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Simultaneously, the best and worst thing about Portal is the ending.

You know the drill if you’ve seen the video. You have a portal gun which will shoot two doors into the scenery. You are being put though a series of tests. This is the game.

It is a puzzle game, created and built with the care and attention to detail that the Valve games all shimmer with gently. In the manner of an RTS game it continues to introduce new elements right up until the final element, you don’t get the full stack until you’re nearly finished.

This is unlike any other puzzle game, to a large extent. Plus, the ‘lab rat’ setting does give the entire game the feel of an extended tutorial, and the central mechanic doesn’t seem to be enough to base an entire game around. What makes the game is the environment.

You are… encouraged, I think is the word, though the levels by GLaDOS – a somewhat questionably rational AI, the knowledge you don’t have much choice but continue, and the continued promise of delicious moist cake. The lab itself is clean and polished, but the further you go though the game the more the facade starts to crack at the edges…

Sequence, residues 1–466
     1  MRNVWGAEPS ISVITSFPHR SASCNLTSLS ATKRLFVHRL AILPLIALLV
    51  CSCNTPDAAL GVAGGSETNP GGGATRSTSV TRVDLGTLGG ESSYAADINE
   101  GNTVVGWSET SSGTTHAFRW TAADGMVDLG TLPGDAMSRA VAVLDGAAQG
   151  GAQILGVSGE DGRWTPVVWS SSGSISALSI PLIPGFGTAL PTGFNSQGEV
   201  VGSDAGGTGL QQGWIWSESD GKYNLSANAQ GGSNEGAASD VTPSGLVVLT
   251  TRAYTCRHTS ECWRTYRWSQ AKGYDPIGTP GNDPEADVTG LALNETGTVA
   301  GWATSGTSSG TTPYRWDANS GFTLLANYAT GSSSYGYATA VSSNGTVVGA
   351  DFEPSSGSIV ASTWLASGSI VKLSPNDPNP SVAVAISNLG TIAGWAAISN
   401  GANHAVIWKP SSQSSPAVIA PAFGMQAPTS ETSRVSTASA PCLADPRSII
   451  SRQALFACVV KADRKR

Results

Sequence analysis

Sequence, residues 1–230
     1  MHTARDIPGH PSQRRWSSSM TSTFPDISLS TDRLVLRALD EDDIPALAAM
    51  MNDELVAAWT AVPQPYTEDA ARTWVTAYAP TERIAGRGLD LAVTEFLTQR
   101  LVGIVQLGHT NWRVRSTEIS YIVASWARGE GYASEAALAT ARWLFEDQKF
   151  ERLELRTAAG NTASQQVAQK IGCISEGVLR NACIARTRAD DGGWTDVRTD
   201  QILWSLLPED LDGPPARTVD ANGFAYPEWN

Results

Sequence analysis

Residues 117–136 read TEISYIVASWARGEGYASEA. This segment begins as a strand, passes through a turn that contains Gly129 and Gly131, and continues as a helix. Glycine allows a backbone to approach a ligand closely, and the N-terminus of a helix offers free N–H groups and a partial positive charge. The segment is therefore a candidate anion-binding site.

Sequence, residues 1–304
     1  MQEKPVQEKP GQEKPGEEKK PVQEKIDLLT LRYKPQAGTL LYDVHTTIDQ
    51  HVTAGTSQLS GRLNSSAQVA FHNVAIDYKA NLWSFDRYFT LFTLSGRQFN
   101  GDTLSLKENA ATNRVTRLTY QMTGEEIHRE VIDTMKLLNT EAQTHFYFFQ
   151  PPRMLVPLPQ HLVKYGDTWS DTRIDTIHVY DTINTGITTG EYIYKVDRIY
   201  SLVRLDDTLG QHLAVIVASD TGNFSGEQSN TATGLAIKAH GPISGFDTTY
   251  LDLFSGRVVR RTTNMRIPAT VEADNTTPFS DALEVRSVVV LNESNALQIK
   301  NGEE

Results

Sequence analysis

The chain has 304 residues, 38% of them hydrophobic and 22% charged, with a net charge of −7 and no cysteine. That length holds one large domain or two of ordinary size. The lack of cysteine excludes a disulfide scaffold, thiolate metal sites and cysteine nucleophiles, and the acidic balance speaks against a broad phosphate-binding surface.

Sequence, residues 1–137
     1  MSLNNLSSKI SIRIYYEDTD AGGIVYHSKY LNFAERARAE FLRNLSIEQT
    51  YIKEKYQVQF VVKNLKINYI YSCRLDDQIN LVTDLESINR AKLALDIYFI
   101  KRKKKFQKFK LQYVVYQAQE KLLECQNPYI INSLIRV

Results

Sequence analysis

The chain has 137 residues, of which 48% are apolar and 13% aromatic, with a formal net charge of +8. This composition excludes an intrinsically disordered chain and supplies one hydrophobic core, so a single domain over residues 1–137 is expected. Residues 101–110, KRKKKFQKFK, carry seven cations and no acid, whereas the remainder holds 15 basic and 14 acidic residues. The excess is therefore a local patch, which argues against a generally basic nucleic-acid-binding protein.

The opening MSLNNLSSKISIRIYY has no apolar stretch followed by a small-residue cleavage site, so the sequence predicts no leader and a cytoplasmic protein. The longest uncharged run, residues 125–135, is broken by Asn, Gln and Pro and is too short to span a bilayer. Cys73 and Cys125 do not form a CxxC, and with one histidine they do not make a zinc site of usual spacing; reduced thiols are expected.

…and I’ll stop. The best and worst thing about Portal is the ending, it’s good because the actual arc and ending is one of the single most satisfying and well executed ending of a game for a long time (And proof that, despite appearances, Valve can write them) (You may have heard the rumour that The Orange Box contains a Jonathon Coulton song. It’s in Portal. If you ever intend to finish portal, do not seek out the song, yet). The worst bit about the ending is that it happens too soon. That’s it. For a game that’s $20 on its own, or free if you buy TF2 & HL:Ep2, four or so hours of this level of innovation is well worth it, and that’s without any of the bonus maps, challenges or the fact you will be promising cake to your friends for months.

As part of a new training protocol, this review will dissolve into internal references in three, two, o*fzzt*

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